All procedures for correcting individual deformities related to Apert syndrome carry a different set of risks and potential complications. Extensive craniofacial procedures tend to carry a higher risk profile, but are still practiced safely in designated craniofacial centers. Airway complications are the most serious issue encountered. Anesthesia pre-evaluation is necessary to stratify risk and to make provisions at the time of surgery for successful intubation and postoperative management. In general, many of the risks encountered during surgery for Apert syndrome are directly proportional to the severity of the condition.
Stiffness of finger joints is common in Apert syndrome, with or without surgery. However, although fine finger movement is difficult to achieve, children with corrected Apert hand deformities lead very active lives with minimal limitations. When releasing webs, a chance of partial recurrence of the web is possible. This is called “webspace creep.” This sometimes requires deepening of spaces with another round of surgery or in combination with another procedure. Rarely, vascular compromise may lead to loss of a finger or toe. In addition, a rare complication of casting or compressive dressings is an elevation of pressures within compartments of the extremities, resulting in loss of circulation, nerve damage, and extreme pain. This requires emergent release of tight dressings and casts to avoid complications.
Bleeding, infection, and anesthetic complications are risks of any surgery. In addition, poor scarring or wound problems can occur rarely. Alopecia, or hair loss, may occur along the incision line within the scalp. More frequently, although improvement in function and appearance are possible, achieving perfect symmetry is elusive. Overcorrection or undercorrection may occur. Many times, revisional surgery will be required to improve scars, contour, or symmetry.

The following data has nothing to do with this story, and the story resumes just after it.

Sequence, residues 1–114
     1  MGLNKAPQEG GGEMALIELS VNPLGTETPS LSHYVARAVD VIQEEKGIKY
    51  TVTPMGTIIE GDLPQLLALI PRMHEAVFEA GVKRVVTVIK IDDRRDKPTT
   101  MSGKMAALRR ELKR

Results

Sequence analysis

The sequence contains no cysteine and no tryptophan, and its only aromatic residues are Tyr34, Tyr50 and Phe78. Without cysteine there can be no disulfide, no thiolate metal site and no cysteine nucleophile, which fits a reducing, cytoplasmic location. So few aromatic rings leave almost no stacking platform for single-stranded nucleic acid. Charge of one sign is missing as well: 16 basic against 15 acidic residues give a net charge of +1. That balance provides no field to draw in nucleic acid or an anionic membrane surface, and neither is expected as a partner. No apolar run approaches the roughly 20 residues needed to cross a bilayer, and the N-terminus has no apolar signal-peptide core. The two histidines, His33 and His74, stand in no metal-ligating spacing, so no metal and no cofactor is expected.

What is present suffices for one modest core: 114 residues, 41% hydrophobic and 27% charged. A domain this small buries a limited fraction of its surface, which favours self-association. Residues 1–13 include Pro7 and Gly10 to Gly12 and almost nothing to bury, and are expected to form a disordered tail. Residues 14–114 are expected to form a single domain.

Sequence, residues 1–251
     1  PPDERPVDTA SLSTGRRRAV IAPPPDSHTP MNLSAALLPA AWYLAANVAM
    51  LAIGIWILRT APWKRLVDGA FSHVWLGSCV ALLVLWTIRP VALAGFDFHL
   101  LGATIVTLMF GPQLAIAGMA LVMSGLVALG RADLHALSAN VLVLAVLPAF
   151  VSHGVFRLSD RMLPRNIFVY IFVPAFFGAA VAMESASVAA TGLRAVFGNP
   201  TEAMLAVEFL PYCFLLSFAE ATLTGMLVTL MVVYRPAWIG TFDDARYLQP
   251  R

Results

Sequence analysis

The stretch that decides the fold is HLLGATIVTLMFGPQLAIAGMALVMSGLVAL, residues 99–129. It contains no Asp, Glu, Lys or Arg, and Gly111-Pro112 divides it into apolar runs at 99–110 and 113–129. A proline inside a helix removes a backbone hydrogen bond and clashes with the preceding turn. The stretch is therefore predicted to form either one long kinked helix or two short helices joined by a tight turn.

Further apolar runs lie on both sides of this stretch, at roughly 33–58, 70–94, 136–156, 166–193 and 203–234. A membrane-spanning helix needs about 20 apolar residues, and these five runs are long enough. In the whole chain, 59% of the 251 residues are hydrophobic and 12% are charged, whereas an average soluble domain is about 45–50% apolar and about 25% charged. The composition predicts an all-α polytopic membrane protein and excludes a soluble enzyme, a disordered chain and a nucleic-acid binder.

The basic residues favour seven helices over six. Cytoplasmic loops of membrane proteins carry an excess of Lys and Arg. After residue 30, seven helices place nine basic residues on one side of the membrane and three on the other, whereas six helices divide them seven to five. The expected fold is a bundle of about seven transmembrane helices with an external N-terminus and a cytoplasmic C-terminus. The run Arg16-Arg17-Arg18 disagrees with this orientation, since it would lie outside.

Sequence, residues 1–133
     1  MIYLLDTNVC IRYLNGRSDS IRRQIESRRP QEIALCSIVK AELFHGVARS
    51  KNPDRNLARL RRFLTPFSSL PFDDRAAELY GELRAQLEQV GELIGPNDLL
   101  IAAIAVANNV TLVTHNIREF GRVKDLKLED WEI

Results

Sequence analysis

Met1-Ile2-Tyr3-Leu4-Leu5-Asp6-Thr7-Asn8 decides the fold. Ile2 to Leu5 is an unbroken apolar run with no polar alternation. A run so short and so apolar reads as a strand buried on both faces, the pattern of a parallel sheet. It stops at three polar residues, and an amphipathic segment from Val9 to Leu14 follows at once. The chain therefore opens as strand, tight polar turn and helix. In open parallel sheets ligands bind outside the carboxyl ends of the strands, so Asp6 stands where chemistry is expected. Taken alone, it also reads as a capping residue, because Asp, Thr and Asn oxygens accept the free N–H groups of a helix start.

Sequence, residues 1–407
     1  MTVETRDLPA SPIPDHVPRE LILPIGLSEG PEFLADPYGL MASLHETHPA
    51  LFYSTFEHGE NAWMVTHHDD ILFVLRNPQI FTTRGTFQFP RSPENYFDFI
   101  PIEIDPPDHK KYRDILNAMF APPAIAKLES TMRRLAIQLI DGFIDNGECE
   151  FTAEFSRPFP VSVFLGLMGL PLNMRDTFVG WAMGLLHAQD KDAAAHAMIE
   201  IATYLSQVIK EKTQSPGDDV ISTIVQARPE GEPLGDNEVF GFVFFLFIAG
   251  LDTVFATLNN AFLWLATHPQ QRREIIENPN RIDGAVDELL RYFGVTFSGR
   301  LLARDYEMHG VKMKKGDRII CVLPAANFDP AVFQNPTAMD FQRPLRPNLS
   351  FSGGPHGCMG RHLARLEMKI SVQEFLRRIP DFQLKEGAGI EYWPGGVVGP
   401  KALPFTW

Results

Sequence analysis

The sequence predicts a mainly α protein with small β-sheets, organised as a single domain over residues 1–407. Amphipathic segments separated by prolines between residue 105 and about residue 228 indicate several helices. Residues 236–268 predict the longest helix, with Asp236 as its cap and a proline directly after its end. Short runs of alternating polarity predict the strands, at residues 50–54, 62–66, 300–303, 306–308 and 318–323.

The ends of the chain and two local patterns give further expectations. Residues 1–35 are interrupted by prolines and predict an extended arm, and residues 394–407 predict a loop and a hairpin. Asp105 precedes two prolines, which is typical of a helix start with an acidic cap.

Why choose Dr Panossian
- He received his medical education at Tufts University School of Medicine.
- Graduated at the top of his class at UCLA, receiving Phi Beta Kappa and Summa Cum Laude honors.
- Was accepted into an elite combined general surgery and plastic surgery residency at the Keck School of Medicine of USC.
- Completed subspecialty training in craniofacial surgery at the Hospital for Sick Children in Toronto and Harvard Medical School.
- Was mentored by Dr. Ron Zuker in the practice of facial paralysis reconstruction. This prestigious fellowship position was available to only one surgeon in the United States.
- Is affiliated with various charitable and educational organizations, including Operation Smile and Mending Kids.
- Is a member of the American Society of Plastic Surgeons and the highly selective American Association of Plastic Surgeons, reserved for only a select group of individuals nationally who have demonstrated excellence in academic plastic surgery.
- Holds memberships in several other professional societies including the American College of Surgeons and the American Society of Reconstructive Microsurgery.
- He serves on the Board of Directors for Mending Kids and the Gondobay Manga Foundation, a non-profit organization dedicated to the improvement of lives in Sierra Leone.
- Has been nominated by his peers annually since 2012 as a “Super Doctor.”
- Served as an expert medical consultant and appeared on The Doctors, Grey’s Anatomy, and Nip/Tuck.
- Has been featured as “Top Doctor” in US News and World Report, Pasadena Magazine, and Los Angeles Magazine.
Last modified by Dr. Andre Panossian